grasses, to herbaceous plants, to softwood trees and finally return to a climax community of hardwood tree (Merchant 2007). In studies of secondary fo rest succession in Puerto Rico, Brazil, Venezuela, and Columbia, agricultural land eventually returned to climax community tree species at sapling stage, although the rate of reforestation varied depending on the intensity of the agricultural practice (Aid e et al. 1995). Clements predicted the recovery stages that plants pass through, but he did not predict anything about changes in the soil. Nevertheless, succession theory should apply to soil, since plant growth and productivity are strongly correlated wi th soil nutrient levels (Guariguata & Ostertag 2001). In past studies in the tropics, significant differences were found between soil nutrient levels in primary and pasture, but not between pasture and secondary forest or secondary forests and primary fore st (Camargo et al. 1999, Fox 2001). Another study found that soil organic matter (SOM) depended on how quickly the secondary stand reproduced biomass, but generally the older the site the more SOM, indicating more fertile soil. (Guggenberger & Zech 1999). These studies imply that nutrients are accumulated during secondary forest succession; therefore there may be succession in soil nutrients. If there is succession in nutrient levels, then overtime the soil should return to concentrations similar to that of primary forest (Guariguata & Ostertag 2001). Secondary forest succession may also affect the soil macro invertebrates. In a study in Brazil, it was found that the macro invertebrate community was significantly less species rich in recently deforested areas than in primary forest. It was also found that in fallow fields, the longer the field was left fallow, the greater the species richness (Mathieu et al. 2005). This implies that deforestation and time after deforestation have an effect on macro inve rtebrate presence and diversity. In a different study, higher macro invertebrate biomass was found in high quality soils (in this case defined by neutral pH, high organic matter and Ca content) (Decans 1998). This study implicated that the highest biomas s of soil macro invertebrates will always be found in the most pristine community, which is the climax community. The following study investigates the relationship between the years regeneration has occurred and soil nutrient concentration. I predict tha t as the number of years of regeneration increases, nutrients will move closer to their primary levels because the forest is regenerating. As well, I will investigate the relationship between the number of years of regeneration and the richness of soil mac ro invertebrate community I predict that morpho species richness will increase as the years of regeneration increase because as the forest regenerates there are more niches for macro invertebrates to fill. METHODS Study Sites This study took place bet ween October 23 rd 2009 and November 20 th 2009. I chose all my soil sites within 1.5 km of the Hotel Belmar in Cerro Plano, Puntarenas, in Costa Rica. All sites other than primary forest either currently are or once were cattle pastures. I chose one pastu re site (age of regeneration 0 years), four secondary forest sites (ages of regeneration: 7, 11, 19, 45 years), and one primary forest (age approximated at >100). The pasture sample was taken at the cattle farm across from el Centro Panamericano de Idioma s (CPI). The 7 year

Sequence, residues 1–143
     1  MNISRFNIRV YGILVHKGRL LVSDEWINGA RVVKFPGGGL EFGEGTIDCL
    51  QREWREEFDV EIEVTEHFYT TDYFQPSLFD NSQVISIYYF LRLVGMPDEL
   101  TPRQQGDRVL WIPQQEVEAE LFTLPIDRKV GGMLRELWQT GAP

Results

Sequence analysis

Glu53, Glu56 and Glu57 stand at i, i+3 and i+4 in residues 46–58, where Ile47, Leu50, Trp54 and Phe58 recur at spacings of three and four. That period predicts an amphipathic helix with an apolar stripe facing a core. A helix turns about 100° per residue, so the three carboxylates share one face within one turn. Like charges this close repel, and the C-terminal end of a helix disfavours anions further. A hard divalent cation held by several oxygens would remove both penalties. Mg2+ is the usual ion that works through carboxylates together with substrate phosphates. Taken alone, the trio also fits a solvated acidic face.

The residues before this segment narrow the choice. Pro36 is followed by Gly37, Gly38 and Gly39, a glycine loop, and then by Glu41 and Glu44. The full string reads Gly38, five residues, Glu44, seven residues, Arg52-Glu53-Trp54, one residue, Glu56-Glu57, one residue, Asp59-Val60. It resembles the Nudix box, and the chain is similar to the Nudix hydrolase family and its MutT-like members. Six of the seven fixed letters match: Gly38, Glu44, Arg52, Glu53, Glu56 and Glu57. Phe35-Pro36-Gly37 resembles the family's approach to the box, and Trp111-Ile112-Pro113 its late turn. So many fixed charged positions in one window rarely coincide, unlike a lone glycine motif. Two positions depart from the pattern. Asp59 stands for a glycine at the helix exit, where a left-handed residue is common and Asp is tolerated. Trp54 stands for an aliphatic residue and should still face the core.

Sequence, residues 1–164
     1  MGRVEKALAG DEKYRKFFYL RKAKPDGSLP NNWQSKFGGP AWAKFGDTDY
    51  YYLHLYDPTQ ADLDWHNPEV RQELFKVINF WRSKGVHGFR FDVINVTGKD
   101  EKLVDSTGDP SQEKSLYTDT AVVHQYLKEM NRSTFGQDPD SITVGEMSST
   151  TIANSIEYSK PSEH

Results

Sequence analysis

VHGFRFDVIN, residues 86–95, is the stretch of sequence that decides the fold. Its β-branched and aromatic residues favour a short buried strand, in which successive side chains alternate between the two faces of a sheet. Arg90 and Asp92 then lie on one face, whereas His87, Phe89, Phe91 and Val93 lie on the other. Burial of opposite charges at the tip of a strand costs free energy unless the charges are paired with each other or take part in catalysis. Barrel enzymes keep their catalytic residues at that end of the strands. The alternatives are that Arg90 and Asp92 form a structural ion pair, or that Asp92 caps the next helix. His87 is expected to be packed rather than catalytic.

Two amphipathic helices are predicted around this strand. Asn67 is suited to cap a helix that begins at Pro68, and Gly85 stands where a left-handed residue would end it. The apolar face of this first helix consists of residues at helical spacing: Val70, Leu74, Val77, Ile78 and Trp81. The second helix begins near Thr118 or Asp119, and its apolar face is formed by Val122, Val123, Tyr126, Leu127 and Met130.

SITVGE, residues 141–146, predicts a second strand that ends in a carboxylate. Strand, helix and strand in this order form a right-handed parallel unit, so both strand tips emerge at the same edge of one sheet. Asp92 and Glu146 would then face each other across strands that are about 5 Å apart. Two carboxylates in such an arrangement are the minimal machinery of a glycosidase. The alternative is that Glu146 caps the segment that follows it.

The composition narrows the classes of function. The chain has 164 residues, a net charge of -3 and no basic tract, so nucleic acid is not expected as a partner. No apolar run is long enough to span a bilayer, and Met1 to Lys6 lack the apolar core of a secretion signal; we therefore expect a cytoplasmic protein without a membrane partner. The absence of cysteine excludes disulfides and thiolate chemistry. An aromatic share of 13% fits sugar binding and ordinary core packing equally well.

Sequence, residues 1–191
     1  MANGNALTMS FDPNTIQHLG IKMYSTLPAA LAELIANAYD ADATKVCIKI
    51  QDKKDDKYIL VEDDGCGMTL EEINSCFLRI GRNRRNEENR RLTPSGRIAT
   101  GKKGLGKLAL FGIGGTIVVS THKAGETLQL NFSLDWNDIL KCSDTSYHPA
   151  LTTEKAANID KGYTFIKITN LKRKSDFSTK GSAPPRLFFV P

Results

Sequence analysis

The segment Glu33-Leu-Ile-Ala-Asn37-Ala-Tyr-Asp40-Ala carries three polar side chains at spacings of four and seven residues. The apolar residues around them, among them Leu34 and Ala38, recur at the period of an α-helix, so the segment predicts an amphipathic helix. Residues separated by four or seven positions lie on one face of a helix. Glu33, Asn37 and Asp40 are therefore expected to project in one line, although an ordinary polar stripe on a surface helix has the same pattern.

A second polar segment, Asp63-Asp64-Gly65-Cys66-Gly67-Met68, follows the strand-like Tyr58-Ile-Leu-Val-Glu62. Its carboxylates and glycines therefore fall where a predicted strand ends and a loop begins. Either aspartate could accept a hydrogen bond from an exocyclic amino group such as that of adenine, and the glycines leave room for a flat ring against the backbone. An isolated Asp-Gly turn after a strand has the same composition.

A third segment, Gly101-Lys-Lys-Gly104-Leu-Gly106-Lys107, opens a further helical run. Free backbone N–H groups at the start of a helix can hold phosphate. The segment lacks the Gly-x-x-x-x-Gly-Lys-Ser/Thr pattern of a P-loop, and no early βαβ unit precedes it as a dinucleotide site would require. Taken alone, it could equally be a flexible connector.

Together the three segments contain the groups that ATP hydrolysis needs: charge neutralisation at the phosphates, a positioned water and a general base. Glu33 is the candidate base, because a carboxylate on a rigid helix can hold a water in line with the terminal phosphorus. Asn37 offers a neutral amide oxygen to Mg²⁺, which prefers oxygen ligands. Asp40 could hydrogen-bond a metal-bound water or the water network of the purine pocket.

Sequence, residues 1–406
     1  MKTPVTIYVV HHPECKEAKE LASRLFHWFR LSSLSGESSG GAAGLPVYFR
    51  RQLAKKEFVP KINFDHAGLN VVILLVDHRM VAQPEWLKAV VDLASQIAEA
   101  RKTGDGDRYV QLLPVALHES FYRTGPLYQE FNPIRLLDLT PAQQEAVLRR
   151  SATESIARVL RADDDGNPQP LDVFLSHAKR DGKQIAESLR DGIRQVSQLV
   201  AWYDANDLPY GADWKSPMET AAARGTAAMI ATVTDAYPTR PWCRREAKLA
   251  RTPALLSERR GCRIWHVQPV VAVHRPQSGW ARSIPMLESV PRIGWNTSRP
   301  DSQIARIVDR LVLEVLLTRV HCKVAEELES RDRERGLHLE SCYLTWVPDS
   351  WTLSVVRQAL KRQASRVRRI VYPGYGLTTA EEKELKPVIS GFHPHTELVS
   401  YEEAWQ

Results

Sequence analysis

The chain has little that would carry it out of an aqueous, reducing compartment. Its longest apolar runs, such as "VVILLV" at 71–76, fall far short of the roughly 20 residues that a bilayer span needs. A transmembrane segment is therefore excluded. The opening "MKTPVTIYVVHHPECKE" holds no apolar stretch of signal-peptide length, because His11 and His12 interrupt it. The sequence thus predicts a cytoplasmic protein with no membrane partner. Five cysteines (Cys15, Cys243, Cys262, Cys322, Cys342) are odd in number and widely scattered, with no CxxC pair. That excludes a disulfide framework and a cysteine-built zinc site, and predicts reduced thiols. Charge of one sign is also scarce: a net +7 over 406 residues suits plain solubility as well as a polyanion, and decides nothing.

house. The 11 year year old sample came from the piper patch near the Estacion Biologica. The 45 year old sample came fr om the forest behind the Estacion Biologica on the Sendero Cariblanco The primary forest sample also came from the forest behind the Estacion Biologica along the Sendero principal. Ages for the pasture sites and secondary forest ages seven and eleven w ere determined by talking to Alan Masters. Marvin Hidalgo, the station manager of the Estacion Biologica, helped me determine the 19 year old forest and the 45 year old forest. Since no one knew the exact age of the primary forest, I estimated it to be g reater than 100 years of regeneration without disturbance. This measure was made to be conservative since using 100 years or 250 years made little difference in the statistics, and I knew there had been at least 100 years without disturbance. From ea ch site, four soil samples and three macro invertebrate samples were taken from different parts of the area to obtain a better representation. All samples were taken at least three meters away from any roads or paths. At each site, I dug a hole 15 cm deep with a trowel, and then took a thin, vertical slice of the first 15 cm of soil Once I returned to the lab, I separated the soil samples from the macro invertebrate samples and prepared them for various tests. Soil Chemistry I mixed the soil samples from the same site together to form a homogenous sample, and then filtered the homogenous sample through a mesh screen to remove rocks, roots, and large annelids. The sample was dried for 24 hours and then tested according to the STH series soil kit by La MOTTE. I tested potassium, nitrate nitrogen, phosphorous and iron. function. Soil Macro Invertebrate Sampling I used the Berlese Tullgreen funnel method and 50 g of soil fr om each of the macro invertebrate bags. I created the funnels by inverting the top of a 1.5 liter bottle and placed a paper towel soaked in ethanol in the bottom half to kill the insects. I used three layers of mesh screen as barriers between the soil an d the ethanol. About 10 cm above the top of the funnel, I hung a 25 watt light, which decreased moisture and increased temperature in the soil. This forced the macro invertebrates to move downward seeking moisture, leading them to the ethanol. The sampl es remained under the light for three days. The funnels and lights were covered by mosquito netting to keep out nocturnal insects. Any nocturnal insects found in the sample were not counted as morpho species. The samples were counted under a stereoscope The macro invertebrates were identified to class, order, and morpho species. Data Analysis All data was analyzed using regression analysis. Years since regeneration began were recorded on the x axis and scaled logarithmically (log base 10). This was done to ensure that nutrients and macro invertebrate reached an asymptote. An asymptote was important because in primary forest nutrients concentrations and species richness remain constant. A logarithmic scale allows this to be factored into the model. The logarithmic scale also